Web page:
Summer grab-bag, part one

An attempted robbery becomes a bloodbath in Javier Elorrieta's Night of Rage (1985)

As usual, there’s no coherent pattern to what I spend my time watching. In the past few months, I given my overtaxed attention to quite a few movies from the ’70s and ’80s – British sex comedies and cop movies, Italian gialli, French and Spanish thrillers, Chinese martial arts movies and an Australian superhero musical – plus a pair of recent Korean action movies and two ultra-low-budget do-it-yourself movies from the ’90s.

Miscellaneous May 2022 viewing

Would-be actress Stella (Susan Ermich) enrols in a prestige acting school in Andreas Marschall's Masks (2011)

Bertrand Tavernier’s epic eight-part documentary Journeys Through French Cinema (2017) offers a personal and idiosyncratic history rooted in the filmmakers personal passions; Enzo G. Castellari’s The Big Racket (1976) and The Heroin Busters (1977) showcase the cynical, violent action of Italian genre movies of the ’70s; Andreas Marschall turns homage into effective horror in the retro-giallo Masks (2011); and Puloma Basu and Rob Hatch Miller’s documentary Other Music (2019) captures an experience all-but-lost today with their account of the final days of a great independent record store in New York City.

Winter viewing 1: Vinegar Syndrome

Detective Linda Masterson (Cynthia Rothrock) investigates a killer martial artist in Kelly Makin's Tiger Claws (1991)

A long cold winter, a working-from-home schedule and pandemic-induced malaise means I’ve been watching a lot of undemanding genre movies over the past few months. One of my primary sources in the past couple of years has been Vinegar Syndrome, a company whose dedication to unearthing obscure, often forgotten genre movies equals my own passion for watching them. Although by no means a complete account of my VS viewing, here are brief notes on two dozen titles.

Recent disks from England, part two: Arrow

A young woman's psychic powers make her a target of nefarious forces in Nico Mastorakis' Death Has Blue Eyes (1976)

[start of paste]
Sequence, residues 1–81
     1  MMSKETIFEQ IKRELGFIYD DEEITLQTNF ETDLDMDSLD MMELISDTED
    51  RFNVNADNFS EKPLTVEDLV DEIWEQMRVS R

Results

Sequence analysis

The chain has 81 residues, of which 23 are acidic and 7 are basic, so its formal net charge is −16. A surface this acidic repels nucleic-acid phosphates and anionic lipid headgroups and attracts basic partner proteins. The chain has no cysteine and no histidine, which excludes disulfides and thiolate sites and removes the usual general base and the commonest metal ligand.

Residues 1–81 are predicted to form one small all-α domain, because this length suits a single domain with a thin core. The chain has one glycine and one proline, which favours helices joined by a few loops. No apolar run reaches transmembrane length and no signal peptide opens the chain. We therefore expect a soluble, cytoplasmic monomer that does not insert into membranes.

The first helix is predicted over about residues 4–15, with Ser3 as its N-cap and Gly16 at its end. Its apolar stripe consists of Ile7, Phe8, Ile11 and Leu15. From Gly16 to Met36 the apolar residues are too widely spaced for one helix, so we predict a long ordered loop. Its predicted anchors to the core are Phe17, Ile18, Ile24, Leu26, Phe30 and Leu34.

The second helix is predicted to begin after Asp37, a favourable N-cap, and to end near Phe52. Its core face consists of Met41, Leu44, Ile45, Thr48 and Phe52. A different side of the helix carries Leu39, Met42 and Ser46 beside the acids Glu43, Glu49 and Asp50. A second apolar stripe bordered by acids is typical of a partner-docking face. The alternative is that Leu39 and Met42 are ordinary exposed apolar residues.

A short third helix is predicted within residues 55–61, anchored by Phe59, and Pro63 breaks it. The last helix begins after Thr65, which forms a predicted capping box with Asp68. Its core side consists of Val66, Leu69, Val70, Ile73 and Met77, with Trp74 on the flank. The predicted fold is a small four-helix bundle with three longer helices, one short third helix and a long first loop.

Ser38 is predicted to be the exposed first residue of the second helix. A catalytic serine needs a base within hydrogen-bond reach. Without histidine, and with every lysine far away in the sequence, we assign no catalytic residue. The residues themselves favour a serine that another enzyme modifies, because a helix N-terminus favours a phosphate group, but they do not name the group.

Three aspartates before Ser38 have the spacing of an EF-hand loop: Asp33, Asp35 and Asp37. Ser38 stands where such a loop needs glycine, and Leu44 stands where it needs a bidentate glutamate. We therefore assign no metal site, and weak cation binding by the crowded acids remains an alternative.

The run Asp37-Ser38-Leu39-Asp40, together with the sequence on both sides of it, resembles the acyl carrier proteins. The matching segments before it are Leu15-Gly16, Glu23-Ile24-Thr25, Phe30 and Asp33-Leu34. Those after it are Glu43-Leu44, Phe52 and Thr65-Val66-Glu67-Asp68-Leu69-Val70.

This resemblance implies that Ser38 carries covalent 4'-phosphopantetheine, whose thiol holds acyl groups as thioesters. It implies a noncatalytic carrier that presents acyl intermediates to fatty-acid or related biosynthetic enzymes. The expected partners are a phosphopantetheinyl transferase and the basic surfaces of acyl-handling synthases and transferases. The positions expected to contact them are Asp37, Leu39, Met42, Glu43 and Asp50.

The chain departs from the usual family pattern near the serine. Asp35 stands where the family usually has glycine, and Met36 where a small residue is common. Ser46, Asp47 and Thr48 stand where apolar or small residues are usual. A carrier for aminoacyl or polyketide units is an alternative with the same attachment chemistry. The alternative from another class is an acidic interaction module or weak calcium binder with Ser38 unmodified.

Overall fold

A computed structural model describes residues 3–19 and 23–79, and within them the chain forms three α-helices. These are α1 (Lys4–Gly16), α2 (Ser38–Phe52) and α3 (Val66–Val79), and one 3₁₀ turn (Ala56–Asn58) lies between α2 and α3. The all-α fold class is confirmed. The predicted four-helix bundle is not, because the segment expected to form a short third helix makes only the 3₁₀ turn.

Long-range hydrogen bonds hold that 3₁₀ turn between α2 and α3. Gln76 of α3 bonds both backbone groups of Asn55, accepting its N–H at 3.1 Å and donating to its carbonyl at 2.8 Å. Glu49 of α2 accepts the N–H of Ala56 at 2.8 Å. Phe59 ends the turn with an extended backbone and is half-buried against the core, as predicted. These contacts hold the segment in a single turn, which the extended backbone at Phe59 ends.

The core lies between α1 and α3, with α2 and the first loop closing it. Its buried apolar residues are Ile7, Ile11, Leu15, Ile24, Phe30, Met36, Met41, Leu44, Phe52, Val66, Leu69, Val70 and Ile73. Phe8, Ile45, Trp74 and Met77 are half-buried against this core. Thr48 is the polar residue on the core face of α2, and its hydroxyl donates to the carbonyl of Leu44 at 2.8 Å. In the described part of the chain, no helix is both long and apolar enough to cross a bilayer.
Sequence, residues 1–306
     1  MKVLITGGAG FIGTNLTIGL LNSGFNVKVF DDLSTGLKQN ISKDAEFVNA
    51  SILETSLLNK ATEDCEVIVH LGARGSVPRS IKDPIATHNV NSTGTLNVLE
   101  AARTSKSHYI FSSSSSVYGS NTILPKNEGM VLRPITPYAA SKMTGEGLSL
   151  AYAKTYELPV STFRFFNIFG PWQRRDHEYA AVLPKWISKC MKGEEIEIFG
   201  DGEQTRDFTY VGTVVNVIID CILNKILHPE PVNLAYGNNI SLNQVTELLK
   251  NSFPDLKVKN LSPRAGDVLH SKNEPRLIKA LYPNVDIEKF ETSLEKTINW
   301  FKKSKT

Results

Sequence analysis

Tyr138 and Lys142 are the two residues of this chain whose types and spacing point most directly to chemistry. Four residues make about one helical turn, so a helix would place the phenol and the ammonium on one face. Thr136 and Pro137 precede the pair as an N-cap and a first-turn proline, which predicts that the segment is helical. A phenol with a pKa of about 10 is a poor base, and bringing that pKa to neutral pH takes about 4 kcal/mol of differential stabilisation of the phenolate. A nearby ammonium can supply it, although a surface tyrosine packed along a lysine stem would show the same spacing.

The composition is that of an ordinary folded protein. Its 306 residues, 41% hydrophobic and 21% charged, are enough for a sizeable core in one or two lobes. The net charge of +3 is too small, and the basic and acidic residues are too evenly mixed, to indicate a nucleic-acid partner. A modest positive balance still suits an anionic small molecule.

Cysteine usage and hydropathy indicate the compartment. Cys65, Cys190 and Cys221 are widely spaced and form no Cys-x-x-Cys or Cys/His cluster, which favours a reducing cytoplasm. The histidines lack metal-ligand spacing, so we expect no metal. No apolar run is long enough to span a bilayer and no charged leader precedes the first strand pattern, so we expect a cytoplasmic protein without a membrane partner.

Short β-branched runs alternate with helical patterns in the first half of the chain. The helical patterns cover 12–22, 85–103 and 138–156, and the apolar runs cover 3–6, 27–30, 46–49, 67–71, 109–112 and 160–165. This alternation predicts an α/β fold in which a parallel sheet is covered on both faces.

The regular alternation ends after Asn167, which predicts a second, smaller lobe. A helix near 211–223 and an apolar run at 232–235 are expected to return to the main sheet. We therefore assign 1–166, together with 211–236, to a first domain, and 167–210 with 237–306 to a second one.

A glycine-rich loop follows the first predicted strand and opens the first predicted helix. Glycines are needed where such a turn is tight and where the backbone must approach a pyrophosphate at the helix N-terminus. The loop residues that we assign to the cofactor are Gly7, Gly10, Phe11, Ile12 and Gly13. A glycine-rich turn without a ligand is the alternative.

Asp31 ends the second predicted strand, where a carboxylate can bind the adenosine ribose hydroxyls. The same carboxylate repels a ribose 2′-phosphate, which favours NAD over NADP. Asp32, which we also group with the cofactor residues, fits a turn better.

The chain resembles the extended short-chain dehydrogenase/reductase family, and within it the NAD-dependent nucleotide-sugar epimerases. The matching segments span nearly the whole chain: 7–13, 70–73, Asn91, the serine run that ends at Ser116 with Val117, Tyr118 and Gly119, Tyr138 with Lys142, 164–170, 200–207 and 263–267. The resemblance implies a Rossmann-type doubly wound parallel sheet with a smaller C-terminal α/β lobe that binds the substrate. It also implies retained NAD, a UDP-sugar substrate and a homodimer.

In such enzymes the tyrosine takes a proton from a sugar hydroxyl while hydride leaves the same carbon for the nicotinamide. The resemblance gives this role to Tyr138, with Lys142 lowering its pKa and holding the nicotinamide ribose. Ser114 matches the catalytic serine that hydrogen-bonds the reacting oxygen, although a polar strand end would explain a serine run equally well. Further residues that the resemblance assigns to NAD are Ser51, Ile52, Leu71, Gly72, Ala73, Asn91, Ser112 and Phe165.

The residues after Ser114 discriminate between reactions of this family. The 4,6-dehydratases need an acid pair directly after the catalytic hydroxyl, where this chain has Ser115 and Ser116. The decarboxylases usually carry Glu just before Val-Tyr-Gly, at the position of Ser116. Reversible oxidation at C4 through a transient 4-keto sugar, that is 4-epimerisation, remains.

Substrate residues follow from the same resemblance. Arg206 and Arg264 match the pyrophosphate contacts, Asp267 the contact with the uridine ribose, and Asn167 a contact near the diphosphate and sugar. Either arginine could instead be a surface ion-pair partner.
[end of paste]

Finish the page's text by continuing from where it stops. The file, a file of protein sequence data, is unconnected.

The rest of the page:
Arrow’s big pre-Christmas sale brought a wide range of titles, some old, some new: Juan Simon Piquer’s Spanish slasher Pieces (1982), Chelsea Stardust’s horror comedy Satanic Panic (2019), Giancarlo Santi’s spaghetti western The Grand Duel (1972), Lee Min-jae’s horror comedy Zombie for Sale (2019), Jill Gevargizian’s psycho horror The Stylist (2020),Nico Mastorakis incoherent first feature Death Has Blue Eyes (1976), a Japanese double bill of sci-fi crime movies, Nobuo Adachi’s The Invisible Man Appears (1949) and Mitsuo Murayama’s The Invisible Man vs the Human Fly (1957), Riccardo Freda’s mix of melodrama and giallo Double Face (1969), Jacques Tourneur’s late film noir Nightfall (1956), and Giorgio Ferroni’s atmospheric Gothic horror Mill of the Stone Women (1960).

Dario Argento in decline

Strange costume choice for Christine Daaé (Asia Argento) in Dario Argento's The Phantom of the Opera (1998)

Four of Dario Argento’s later movies reveal a filmmaker in decline – but they all get excellent Blu-ray releases with pristine transfers and lots of extras. This is a mixed blessing for fans of Argento’s great movies from the ’70s and ’80s, who can see the movies’ weaknesses, but nonetheless appreciate occasional flashes of visual and narrative invention.

The second coming of Cauldron

The Medieval dead awaken to deal with modern killers in Tomas Aznar's Beyond Terror (1980)

With their second pair of releases, the folks at Cauldron Films have again dug deep into the fringes of genre movie-making, this time unearthing Sergio Pastore’s The Crimes of the Black Cat (1972), an Italian giallo from the peak period of that genre, and Tomas Aznar’s Beyond Terror (1980), a Spanish film which begins as a nihilistic story about a gang of vicious criminals and morphs into a supernatural revenge narrative.

Blasts from the past

David Lynch: The Art Life (2016): Criterion Blu-ray review

Pandemic viewing, Part One

Peter Yates (1929-2011)

Michael Curtiz’s The Breaking Point (1950):
Criterion Blu-ray review

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